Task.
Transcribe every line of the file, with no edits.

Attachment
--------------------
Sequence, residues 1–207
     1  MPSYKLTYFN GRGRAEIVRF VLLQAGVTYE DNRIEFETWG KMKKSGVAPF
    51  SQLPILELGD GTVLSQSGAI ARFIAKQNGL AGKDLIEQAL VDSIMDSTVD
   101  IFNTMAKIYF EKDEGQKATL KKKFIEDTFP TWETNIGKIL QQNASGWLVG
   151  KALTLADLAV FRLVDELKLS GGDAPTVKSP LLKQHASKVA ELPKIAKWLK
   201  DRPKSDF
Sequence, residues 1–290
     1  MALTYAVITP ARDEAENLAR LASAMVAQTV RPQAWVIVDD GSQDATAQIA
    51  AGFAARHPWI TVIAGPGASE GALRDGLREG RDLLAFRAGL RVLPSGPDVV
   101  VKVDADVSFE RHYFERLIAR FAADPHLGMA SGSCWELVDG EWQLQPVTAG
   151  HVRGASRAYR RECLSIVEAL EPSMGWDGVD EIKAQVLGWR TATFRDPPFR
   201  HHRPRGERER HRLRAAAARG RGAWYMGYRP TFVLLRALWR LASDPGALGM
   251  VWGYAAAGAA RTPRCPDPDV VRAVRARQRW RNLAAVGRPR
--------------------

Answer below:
Sequence, residues 1–207
     1  MPSYKLTYFN GRGRAEIVRF VLLQAGVTYE DNRIEFETWG KMKKSGVAPF
    51  SQLPILELGD GTVLSQSGAI ARFIAKQNGL AGKDLIEQAL VDSIMDSTVD
   101  IFNTMAKIYF EKDEGQKATL KKKFIEDTFP TWETNIGKIL QQNASGWLVG
   151  KALTLADLAV FRLVDELKLS GGDAPTVKSP LLKQHASKVA ELPKIAKWLK
   201  DRPKSDF
Sequence, residues 1–290
     1  MALTYAVITP ARDEAENLAR LASAMVAQTV RPQAWVIVDD GSQDATAQIA
    51  AGFAARHPWI TVIAGPGASE GALRDGLREG RDLLAFRAGL RVLPSGPDVV
   101  VKVDADVSFE RHYFERLIAR FAADPHLGMA SGSCWELVDG EWQLQPVTAG
   151  HVRGASRAYR RECLSIVEAL EPSMGWDGVD EIKAQVLGWR TATFRDPPFR
   201  HHRPRGERER HRLRAAAARG RGAWYMGYRP TFVLLRALWR LASDPGALGM
   251  VWGYAAAGAA RTPRCPDPDV VRAVRARQRW RNLAAVGRPR